Association between shift work and risk of prostate cancer: a systematic review and meta-analysis of observational studies.
Observational studies suggest that shift work may be associated with prostate cancer. However, the results are inconsistent. The objective of this study is to quantitatively assess the association between shift work and the risk of prostate cancer. Relevant studies were identified by a comprehensive search of the PubMed, Embase, Web of Science, and China National Knowledge Infrastructure databases to September 2017. We also reviewed the reference lists from retrieved articles. Observational studies that reported relative risk (RR) with 95% confidence intervals (CIs) for the association between shift work and the risk of prostate cancer were included. A linear and nonlinear dose-response meta-analysis was performed. Fifteen studies with 16 independent reports involving 2,546,822 individuals and 10,715 patients with prostate cancer were included. The pooled adjusted RR for the association between ever exposure to shift work and prostate cancer risk was 1.23 (95% CI, 1.08-1.41; P<0.001). A nonlinear association of prostate cancer risk with duration of shift work was identified (P for nonlinearity=0.001). Subgroup analysis demonstrated that a higher pooled RR of prostate cancer for studies among Asian populations (RR=1.98, 95% CI, 1.34-2.93; P=0.618). A positive association was observed in rotating shift groups (RR=1.10, 95% CI, 1.00-1.26; P=0.156), but not in other shift groups. Integrated evidence from this meta-analysis suggests that shift work is significantly associated with an increased risk of prostate cancer, and a nonlinear association between duration of shift work and prostate cancer was found.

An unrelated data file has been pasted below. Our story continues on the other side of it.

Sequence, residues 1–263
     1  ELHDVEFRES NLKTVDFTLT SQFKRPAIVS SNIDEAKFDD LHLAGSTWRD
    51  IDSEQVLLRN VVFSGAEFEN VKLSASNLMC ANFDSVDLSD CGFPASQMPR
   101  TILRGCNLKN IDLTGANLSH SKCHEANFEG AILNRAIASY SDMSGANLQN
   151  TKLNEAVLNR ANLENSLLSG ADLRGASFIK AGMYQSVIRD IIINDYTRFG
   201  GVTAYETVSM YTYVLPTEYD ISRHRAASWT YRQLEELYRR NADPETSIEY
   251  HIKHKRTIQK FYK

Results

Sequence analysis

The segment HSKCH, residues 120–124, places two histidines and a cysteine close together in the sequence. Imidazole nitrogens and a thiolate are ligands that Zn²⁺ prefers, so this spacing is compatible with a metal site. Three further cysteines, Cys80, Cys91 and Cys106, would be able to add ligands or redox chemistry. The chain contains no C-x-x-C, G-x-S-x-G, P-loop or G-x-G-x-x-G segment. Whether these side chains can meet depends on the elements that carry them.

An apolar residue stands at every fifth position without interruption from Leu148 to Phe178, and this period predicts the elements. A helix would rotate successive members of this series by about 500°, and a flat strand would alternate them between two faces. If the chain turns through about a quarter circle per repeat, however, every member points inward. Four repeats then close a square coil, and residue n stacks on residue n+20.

KEYWORDS: Epidemiology; Meta-analysis; Prostate cancer; Risk factor; Shift work
Carcinogenesis. 2017 Nov 8. doi: 10.1093/carcin/bgx129. [Epub ahead of print]